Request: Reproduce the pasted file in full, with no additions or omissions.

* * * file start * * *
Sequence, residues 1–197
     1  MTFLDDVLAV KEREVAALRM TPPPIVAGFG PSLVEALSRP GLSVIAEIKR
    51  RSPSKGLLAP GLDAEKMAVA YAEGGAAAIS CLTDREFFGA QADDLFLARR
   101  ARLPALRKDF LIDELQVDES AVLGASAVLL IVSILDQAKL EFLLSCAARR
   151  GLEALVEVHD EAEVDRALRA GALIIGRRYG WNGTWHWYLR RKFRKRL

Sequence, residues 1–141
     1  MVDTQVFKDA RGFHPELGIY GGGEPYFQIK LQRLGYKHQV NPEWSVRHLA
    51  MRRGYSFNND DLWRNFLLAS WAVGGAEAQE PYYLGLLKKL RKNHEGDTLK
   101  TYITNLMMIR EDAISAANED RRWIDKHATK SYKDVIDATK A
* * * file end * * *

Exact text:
Sequence, residues 1–197
     1  MTFLDDVLAV KEREVAALRM TPPPIVAGFG PSLVEALSRP GLSVIAEIKR
    51  RSPSKGLLAP GLDAEKMAVA YAEGGAAAIS CLTDREFFGA QADDLFLARR
   101  ARLPALRKDF LIDELQVDES AVLGASAVLL IVSILDQAKL EFLLSCAARR
   151  GLEALVEVHD EAEVDRALRA GALIIGRRYG WNGTWHWYLR RKFRKRL

Sequence, residues 1–141
     1  MVDTQVFKDA RGFHPELGIY GGGEPYFQIK LQRLGYKHQV NPEWSVRHLA
    51  MRRGYSFNND DLWRNFLLAS WAVGGAEAQE PYYLGLLKKL RKNHEGDTLK
   101  TYITNLMMIR EDAISAANED RRWIDKHATK SYKDVIDATK A